Martin F. DICKINSON v. Garrell MULLANEY, Chief Executive Officer, Connecticut Valley Hospital, et al.
The petitioner, Martin F. Dickinson, appeals from the habeas court's judgment denying his amended petition for habeas corpus and holding that his claims were barred by laches. On appeal, the petitioner claims (1) that the court improperly concluded that the equitable defense of laches is available in a habeas corpus action and (2) that, even if laches can be interposed as a defense to a habeas claim, the court improperly applied laches in this instance. Because the petitioner failed to attack before the habeas court the legal viability of laches as a defense in a habeas proceeding, we decline to review the petitioner's first claim. We conclude, however, that the evidence adduced at the habeas hearing was insufficient for the court to have concluded that the petition was barred by laches. Accordingly, we reverse the judgment of the habeas court and remand this matter for further proceedings.
The following factual and procedural background is relevant to our consideration of the petitioner's claims. On September 15, 1984, the petitioner was arrested and charged with sexual assault in the first degree in violation of General Statutes § 53a-70(a), kidnapping in the first degree in violation of General Statutes § 53a-92(2)(A) and cruelty to persons in violation of General Statutes § 53-20. On March 5, 1985, the petitioner waived his right to a jury trial, and pleaded not guilty by reason of mental disease or defect to a substitute information charging him with sexual assault in the first degree in violation of § 53a-70(a) and kidnapping in the second degree in violation of General Statutes § 53a-94. On that date, the petitioner was tried to the court. After hearing the evidence, the court found the petitioner not guilty by reason of mental disease or defect. On June 4, 1985, the court committed the petitioner to the custody of the commissioner of mental health for a period not to exceed twenty years.1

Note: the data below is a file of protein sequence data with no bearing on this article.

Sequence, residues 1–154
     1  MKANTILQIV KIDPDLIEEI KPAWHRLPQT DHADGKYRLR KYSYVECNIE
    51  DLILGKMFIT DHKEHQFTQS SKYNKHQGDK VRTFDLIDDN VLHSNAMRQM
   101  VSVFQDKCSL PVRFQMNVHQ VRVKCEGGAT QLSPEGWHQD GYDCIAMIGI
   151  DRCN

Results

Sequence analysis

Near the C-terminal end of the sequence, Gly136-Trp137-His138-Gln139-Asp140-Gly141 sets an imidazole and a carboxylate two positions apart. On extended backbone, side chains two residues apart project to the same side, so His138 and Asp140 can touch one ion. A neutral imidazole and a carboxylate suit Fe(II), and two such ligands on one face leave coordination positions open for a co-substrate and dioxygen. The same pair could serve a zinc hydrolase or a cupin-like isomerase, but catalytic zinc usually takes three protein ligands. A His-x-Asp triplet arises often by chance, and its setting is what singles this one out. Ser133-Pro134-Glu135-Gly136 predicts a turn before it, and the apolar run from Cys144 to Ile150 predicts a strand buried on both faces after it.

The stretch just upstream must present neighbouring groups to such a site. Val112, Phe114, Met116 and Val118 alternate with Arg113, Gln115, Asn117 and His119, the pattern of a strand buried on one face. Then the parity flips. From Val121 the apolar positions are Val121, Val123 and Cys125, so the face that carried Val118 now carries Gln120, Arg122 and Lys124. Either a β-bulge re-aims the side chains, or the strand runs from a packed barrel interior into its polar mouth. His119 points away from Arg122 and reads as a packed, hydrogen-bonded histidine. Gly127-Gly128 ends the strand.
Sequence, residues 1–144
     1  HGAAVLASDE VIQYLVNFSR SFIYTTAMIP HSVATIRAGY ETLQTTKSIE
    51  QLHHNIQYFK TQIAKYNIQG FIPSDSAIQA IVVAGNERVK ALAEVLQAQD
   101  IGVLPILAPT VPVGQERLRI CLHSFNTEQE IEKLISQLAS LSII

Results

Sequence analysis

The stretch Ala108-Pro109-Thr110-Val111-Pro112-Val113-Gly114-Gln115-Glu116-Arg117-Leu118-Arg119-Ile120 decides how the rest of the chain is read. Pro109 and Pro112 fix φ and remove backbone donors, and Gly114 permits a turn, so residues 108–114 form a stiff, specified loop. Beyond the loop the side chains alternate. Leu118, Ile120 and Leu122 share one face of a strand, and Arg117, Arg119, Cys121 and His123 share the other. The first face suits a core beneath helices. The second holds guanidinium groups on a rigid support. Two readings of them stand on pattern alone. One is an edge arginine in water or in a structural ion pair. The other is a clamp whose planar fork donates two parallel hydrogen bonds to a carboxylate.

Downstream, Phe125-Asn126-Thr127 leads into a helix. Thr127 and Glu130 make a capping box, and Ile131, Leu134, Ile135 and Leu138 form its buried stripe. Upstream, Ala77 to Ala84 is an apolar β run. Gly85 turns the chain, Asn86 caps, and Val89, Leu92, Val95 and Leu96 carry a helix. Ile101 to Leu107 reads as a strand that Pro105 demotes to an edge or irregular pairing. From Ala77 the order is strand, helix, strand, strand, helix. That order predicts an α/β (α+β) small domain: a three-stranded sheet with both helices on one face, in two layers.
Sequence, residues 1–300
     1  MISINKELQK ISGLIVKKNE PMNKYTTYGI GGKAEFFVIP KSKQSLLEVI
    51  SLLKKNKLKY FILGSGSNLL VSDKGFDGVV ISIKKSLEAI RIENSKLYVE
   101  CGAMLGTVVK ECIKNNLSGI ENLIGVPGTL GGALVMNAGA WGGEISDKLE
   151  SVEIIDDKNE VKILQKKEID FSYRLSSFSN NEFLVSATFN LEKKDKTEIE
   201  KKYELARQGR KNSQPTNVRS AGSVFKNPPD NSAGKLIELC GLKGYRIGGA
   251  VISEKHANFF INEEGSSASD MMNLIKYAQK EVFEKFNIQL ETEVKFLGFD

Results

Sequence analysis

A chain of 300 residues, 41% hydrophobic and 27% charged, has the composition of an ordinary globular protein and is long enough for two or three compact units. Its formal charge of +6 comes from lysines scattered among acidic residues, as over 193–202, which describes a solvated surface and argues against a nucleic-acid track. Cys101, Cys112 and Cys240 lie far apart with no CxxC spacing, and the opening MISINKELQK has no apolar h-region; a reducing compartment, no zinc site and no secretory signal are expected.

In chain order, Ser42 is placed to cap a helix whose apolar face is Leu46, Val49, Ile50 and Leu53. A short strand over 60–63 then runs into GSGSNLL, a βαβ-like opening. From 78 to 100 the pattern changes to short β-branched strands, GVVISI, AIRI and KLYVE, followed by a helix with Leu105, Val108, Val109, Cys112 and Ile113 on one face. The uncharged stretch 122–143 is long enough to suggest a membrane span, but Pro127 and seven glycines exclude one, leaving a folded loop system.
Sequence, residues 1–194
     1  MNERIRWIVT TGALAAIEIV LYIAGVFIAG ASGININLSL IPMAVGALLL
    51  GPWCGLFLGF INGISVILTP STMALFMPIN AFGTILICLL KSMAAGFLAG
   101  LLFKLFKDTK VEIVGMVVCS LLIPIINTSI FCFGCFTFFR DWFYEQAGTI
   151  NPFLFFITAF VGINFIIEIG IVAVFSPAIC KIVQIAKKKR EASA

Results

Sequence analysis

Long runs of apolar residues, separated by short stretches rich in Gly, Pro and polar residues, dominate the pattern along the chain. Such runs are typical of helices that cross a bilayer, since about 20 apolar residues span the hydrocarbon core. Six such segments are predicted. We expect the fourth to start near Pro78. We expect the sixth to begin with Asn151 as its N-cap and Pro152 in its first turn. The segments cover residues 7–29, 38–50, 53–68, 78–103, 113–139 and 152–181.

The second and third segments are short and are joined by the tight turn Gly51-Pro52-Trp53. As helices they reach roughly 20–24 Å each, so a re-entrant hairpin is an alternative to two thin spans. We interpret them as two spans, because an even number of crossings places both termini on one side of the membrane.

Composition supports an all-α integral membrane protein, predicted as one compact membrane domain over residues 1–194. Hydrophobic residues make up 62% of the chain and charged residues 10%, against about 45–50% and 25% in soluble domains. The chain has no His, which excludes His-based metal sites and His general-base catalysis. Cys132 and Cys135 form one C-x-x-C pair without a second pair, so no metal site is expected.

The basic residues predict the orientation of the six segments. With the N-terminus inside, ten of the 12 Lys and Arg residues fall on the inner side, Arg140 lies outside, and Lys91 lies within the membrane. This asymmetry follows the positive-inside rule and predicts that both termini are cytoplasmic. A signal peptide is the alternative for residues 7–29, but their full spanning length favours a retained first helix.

On September 19, 2001, the petitioner filed a petition for a writ of habeas corpus. In his two count amended petition, the petitioner claimed that he did not receive the effective assistance of counsel in the criminal proceedings and that his plea was not knowing, intelligent and voluntary. The respondents2 filed a return in which they claimed, inter alia, that the petitioner's claims were barred by laches and that he has been procedurally defaulted in his claim regarding his plea because he did not timely seek to withdraw his plea in the underlying criminal proceeding. The petitioner, in his reply to the respondents' return, denied the claim of laches and asserted, generally, that he did not seek to withdraw his plea or to appeal directly from the court's finding of not guilty by reason of mental disease or defect because his attorney had represented him inadequately.
The matter was tried to the court on April 21, 22 and 29, 2004. The petitioner and his parents testified, as did two legal experts and an attorney from the petitioner's trial counsel's firm. Counsel stipulated that the petitioner's trial counsel, the trial judge and the trial prosecutor had died since the date of the petitioner's commitment. By memorandum of decision filed July 15, 2004, the court denied the habeas petition on the ground that the petitioner's claims were barred by laches. This appeal followed.3
On appeal, the petitioner first challenges the applicability of the defense of laches in habeas proceedings, an issue that has not been addressed in Connecticut appellate jurisprudence. In support of his claim, the petitioner argues that laches is an equitable defense that is not available in habeas proceedings, which are legal actions. The petitioner further argues that applying laches to habeas proceedings would violate the open courts provision of the Connecticut constitution, would be tantamount to a suspension of the right of habeas corpus, and would be inconsistent with the history and purpose of the writ of habeas corpus. Whatever merit such arguments may have in a properly framed habeas petition, the record in this case does not provide us an adequate basis to reach them.